The EPA has published a new report to help low-income, minority and tribal communities with smart growth strategies for physically, economically and environmentally healthy communities. Greenville, S.C. is benefiting from following the suggestions in the current West Side development.
In February 2013, the U.S. Environmental Protection Agency (EPA) published Creating Equitable, Healthy, and Sustainable Communities. The basic principles are:
- mix land uses and transportation modes
- use compact building designs for more open space
- provide a range of housing choices for various incomes
- create walking neighborhoods
- develop community values with culture, history, economy and geography
- preserve natural areas and open space
- invest in existing communities--do not just tear them down
- collaborate with investors and developers for fair, predictable and cost effective development
- encourage community engagement and collaboration with developers.
The goal is to meet low-income residents' needs by cleaning up existing neighborhoods, providing affordable housing and transportation, and improving access to places of employment, shopping and recreation areas. Featuring seven communities in the U.S., examples are given of how the goal has been reached with safe street designs allowing for bikers and walkers in addition to cars, cleaning up and reusing once contaminated properties like the brownfield projects in Greenville, reducing exposure to facilities that are potentially environmentally hazardous, and repairing existing infrastructure and current affordable housing.
Lisa Garcia, with the EPA's Office of Environmental Justice, said the report can "help community-based organizations, local planners, and other stakeholders achieve healthy and sustainable communities for all Americans, regardless of race, ethnicity, or economic status."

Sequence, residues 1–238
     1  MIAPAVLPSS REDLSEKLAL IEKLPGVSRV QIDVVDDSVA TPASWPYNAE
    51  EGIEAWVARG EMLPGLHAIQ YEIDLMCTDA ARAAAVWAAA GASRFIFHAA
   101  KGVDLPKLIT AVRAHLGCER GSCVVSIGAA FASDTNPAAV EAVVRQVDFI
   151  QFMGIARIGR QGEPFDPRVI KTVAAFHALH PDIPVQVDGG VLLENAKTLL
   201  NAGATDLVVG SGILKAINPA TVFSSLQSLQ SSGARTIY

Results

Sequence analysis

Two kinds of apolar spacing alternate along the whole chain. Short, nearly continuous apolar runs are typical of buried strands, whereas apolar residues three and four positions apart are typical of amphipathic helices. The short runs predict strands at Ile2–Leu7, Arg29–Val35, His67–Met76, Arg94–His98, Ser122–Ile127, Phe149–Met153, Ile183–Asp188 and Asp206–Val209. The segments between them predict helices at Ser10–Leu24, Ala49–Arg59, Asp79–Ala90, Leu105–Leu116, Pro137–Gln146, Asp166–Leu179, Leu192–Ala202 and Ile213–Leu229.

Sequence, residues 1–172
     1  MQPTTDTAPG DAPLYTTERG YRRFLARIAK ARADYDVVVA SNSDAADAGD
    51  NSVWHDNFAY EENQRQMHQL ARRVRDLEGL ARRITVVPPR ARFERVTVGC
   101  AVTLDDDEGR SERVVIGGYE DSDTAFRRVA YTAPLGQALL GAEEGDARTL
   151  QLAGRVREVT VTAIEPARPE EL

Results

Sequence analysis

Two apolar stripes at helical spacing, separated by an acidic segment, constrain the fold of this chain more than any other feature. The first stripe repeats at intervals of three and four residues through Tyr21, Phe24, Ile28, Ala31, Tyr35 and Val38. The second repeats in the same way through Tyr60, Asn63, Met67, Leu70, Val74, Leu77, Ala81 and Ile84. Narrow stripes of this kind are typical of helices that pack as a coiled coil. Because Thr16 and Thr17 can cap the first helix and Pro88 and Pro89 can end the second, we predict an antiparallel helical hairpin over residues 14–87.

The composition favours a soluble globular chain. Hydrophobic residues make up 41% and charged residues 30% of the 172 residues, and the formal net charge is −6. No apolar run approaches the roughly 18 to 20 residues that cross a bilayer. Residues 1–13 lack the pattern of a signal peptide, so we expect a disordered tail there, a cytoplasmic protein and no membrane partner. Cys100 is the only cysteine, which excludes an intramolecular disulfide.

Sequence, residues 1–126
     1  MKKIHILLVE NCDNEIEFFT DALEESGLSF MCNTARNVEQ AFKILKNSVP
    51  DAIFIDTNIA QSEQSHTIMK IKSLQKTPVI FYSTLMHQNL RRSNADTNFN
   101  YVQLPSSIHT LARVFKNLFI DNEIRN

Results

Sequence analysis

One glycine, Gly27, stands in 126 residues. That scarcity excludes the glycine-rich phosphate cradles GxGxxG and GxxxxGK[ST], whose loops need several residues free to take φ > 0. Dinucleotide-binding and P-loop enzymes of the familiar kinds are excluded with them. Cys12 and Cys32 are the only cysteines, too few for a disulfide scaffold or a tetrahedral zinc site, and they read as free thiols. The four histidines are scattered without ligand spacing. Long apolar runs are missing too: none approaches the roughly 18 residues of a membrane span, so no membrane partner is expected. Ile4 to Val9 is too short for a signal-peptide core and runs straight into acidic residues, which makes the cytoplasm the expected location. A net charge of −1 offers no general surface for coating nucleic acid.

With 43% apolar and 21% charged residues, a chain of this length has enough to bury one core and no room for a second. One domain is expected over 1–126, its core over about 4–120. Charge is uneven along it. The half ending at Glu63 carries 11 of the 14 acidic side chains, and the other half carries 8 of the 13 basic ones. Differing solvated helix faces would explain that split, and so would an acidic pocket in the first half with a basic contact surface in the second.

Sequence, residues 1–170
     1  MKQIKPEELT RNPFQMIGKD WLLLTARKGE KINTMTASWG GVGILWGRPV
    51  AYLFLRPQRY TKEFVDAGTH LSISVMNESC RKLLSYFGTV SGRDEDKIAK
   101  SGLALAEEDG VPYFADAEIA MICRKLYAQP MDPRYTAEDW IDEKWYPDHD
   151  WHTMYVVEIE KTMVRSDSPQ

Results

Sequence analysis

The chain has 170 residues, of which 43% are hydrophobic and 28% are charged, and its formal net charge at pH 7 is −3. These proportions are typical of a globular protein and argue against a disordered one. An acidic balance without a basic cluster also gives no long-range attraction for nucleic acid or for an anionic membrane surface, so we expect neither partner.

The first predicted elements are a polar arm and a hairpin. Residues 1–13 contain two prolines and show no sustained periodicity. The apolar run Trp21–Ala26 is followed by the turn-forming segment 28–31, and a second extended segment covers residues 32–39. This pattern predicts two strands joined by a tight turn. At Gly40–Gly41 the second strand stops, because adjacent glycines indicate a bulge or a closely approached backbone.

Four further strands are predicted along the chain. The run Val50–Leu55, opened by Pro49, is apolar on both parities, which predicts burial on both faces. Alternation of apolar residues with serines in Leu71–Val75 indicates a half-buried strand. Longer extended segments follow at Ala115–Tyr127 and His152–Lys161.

Greenville was chosen in 2005 as one of four communities to participate in the EPA-funded Smart Growth Leadership Institute’s Implementation Assistance Program and revitalize older neighborhoods, provide housing and transportation choices, and enhance the environment. Read the Smart Growth America article about Greenville, S.C. and the West Side.
One of the solutions the planners have come up with is a Bus Rapid Transit (BRT) route to connect the West Side and downtown to help residents get to jobs and other parts of the city. A Livability Educator has been assigned the tasks of creating an elementary curriculum to teach community involvement, and setting up a speaker series to reach adults in the community so they will help shape their neighborhood. Planners are encouraging economic growth in that area for benefit of the residents.
Smart Growth America also has an article about their helping neighboring Greer, S.C. with transit options along Route 29. Watch the video of Mayor Rick Danner of Greer, S.C. explaining the smart growth issues and choices for his city, which was one of 15 communities selected to receive smart growth training tools in 2012.